When it comes to the Internet, Republican presidential candidate John McCain recently said that he’s “an illiterate who has to rely on his wife for any assistance he can get.” In an era where the Internet is playing an ever greater role, does such an admission matter, and does it say anything important about the age gap between McCain and Democratic candidate Barack Obama?
This is not the first time a politician has come under fire for sweeping claims about the Internet. Recall, for instance, Al Gore’s comment that he “took the initiative in creating the Internet.” Everyone knows that DARPA (the Defense Advanced Research Projects Agency) drove the creation of the Net, not the former vice president, but his comment made for many jokes on late-night shows.
McCain, of course, made quite the opposite assertion, but is he really the “illiterate” he mentioned or is something else going on? His campaign aides say he’s fully capable of browsing the Web and that he has a Mac and uses it several times a week. Senator McCain will get “hip points” for using a Mac; nevertheless, he clearly doesn’t think being Internet savvy is an important branding strategy. This may bother some, but many politically active technology entrepreneurs don’t seem to be upset.
Shunning the Net?
For instance, Silicon Valley-based technology investor Anurag Chandra says McCain’s indifference to using the Internet is a factor voters should consider, “but one of several and lower in priority than his stance on policies that affect technology innovation in the U.S.
“What he promotes is more important to me than what is exemplified by his individual proclivities,” Chandra says.
Good point, because creating an environment that fosters innovation is more important than having a president who wastes time surfing the Net. This helps explain support for McCain from high-profile technology leaders such as Cisco’s John Chambers and Meg Whitman, eBay’s former CEO. Yet not everyone is comfortable with the idea of a presidential candidate who shuns the Net.
Participation and understanding of technology are very important, notes LinkedIn founder Reid Hoffman. Understanding is indeed key, and this brings up the nagging question of whether the age gap between McCain and Senator Obama matters at all. On this issue, Hoffman points out that ability matters more than age.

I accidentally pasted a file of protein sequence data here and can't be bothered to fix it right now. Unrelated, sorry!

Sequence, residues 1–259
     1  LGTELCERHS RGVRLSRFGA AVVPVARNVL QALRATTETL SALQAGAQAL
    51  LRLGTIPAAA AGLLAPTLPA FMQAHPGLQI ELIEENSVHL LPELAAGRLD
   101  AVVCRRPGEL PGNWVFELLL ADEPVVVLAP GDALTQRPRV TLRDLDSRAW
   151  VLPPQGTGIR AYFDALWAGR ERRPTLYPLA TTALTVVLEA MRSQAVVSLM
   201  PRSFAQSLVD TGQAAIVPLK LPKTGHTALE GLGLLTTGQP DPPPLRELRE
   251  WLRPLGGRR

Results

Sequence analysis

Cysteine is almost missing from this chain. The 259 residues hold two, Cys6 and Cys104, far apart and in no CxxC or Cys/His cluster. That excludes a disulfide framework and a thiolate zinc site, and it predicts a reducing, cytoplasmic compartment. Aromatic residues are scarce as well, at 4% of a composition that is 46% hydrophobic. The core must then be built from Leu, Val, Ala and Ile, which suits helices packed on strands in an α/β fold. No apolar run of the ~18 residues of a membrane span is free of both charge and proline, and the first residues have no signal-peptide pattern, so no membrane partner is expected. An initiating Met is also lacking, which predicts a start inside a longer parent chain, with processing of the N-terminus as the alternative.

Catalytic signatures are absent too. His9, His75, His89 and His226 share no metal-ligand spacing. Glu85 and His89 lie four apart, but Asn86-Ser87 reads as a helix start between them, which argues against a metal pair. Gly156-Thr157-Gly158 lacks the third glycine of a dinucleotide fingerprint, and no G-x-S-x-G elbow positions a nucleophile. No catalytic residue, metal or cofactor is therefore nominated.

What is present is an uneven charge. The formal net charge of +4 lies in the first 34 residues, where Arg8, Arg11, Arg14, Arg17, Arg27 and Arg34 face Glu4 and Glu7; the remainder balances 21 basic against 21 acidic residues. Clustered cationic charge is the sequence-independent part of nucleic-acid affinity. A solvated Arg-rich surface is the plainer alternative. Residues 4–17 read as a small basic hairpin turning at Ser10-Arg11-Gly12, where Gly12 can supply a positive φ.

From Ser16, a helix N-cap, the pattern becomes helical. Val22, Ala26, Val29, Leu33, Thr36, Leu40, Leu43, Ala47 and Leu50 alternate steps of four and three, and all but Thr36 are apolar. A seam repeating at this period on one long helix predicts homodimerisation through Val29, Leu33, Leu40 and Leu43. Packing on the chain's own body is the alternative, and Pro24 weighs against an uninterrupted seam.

Indeed, many of the most successful Internet companies have been started by young guns without much experience. Steve Jobs and Steve Wozniak started Apple in their early 20s — the same age as Bill Gates and Paul Allen when they started Microsoft, and Sergey Brin and Larry Page launched Google in their mid-20s. When it comes to young technology entrepreneurs, the list could go on. Of course, world affairs do reach farther than Silicon Valley or Redmond.
When it comes to wealth and success, many of America’s role models are older and more experienced. Consider that at 77, Warren Buffett is still making great investment decisions and Rupert Murdoch is still building his media empire. Also, at 74, Larry King is still capturing fascinating interviews.
So, perhaps it really doesn’t matter how old someone is or how much time they spend surfing the Web. Perhaps one of the most important things that voters and the tech community should be considering is what kind of people the commander-in-chief chooses to be around him. That’s something that will be easier to find given the Web 2.0 boom, says David Kralik of American Solutions.
“Technology is holding politicians more accountable with the ability to check facts about previous statements they may have made and who their donors are,” says Kralik. A perfect example of this was Hillary Clinton’s story about landing in sniper fire during a 1996 trip to Bosnia. The public discovered she stretched the truth when a YouTube video surfaced showing Hillary and daughter Chelsea, on that very trip, walking across the tarmac smiling and stopping to shake hands with Bosnia’s acting president.
Regardless of how much time McCain spends online, over the next few months, the Internet will be most important in helping voters find detailed answers about each candidate and their team.
Sonia Arrison, a TechNewsWorld columnist, is senior fellow in technology studies at the California-based Pacific Research Institute.